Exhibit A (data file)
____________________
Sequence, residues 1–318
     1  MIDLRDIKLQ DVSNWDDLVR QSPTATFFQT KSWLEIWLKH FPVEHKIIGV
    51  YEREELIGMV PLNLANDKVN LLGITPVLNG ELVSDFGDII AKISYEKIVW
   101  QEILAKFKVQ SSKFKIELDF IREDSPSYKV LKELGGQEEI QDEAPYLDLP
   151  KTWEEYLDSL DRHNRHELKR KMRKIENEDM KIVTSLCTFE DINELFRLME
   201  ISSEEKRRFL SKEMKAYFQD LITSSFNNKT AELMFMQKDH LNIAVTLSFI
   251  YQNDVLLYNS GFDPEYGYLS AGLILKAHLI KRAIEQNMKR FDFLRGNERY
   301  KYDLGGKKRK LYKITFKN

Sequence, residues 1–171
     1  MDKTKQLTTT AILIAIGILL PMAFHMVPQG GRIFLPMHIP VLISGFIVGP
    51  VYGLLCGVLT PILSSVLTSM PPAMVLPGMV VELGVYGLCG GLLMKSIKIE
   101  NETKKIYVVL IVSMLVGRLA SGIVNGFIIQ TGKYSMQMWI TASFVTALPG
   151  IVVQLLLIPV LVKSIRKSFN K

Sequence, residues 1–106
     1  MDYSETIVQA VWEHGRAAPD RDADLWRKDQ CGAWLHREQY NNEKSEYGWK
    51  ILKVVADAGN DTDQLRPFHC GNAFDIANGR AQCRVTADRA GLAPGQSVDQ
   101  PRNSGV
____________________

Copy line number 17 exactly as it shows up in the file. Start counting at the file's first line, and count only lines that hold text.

   101  PRNSGV